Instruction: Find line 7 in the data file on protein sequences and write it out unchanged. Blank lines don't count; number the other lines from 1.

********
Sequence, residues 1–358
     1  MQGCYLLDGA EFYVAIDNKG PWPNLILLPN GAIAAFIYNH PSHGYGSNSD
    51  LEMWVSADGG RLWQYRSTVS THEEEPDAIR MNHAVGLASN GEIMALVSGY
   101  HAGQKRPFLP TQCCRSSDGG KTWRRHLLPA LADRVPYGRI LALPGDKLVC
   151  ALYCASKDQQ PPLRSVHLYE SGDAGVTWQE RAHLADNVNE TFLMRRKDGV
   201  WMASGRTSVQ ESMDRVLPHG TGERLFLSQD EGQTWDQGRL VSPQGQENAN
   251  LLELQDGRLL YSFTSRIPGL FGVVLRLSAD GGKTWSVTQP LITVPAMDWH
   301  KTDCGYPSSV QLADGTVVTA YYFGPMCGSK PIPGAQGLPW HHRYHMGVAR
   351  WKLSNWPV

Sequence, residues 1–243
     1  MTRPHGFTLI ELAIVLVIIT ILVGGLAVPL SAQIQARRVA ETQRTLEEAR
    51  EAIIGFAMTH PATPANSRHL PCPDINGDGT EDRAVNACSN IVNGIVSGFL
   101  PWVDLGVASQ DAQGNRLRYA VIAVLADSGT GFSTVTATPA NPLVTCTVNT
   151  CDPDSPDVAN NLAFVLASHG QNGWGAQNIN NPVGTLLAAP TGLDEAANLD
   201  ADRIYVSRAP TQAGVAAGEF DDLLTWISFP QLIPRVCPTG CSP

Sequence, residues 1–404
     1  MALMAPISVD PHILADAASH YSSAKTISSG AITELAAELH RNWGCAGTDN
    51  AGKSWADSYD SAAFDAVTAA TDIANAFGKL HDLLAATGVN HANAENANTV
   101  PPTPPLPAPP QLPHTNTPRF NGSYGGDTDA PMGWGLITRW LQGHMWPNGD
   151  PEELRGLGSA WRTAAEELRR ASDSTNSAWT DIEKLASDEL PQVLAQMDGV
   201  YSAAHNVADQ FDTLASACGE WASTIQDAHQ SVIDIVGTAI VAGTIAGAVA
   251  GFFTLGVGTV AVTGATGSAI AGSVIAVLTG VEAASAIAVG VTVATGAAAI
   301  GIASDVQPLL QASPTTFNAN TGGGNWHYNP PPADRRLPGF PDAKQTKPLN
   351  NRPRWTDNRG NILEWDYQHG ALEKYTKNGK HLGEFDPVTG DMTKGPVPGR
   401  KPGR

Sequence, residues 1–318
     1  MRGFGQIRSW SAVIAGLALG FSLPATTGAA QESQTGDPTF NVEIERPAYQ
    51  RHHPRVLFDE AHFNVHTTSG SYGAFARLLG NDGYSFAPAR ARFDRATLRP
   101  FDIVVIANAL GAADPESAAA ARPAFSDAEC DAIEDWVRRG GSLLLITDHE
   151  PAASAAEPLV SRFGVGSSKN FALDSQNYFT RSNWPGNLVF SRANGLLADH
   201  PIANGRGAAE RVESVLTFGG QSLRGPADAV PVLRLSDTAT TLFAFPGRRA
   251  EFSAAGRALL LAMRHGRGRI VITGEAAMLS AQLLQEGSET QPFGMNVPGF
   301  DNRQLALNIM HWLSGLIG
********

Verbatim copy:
   251  LLELQDGRLL YSFTSRIPGL FGVVLRLSAD GGKTWSVTQP LITVPAMDWH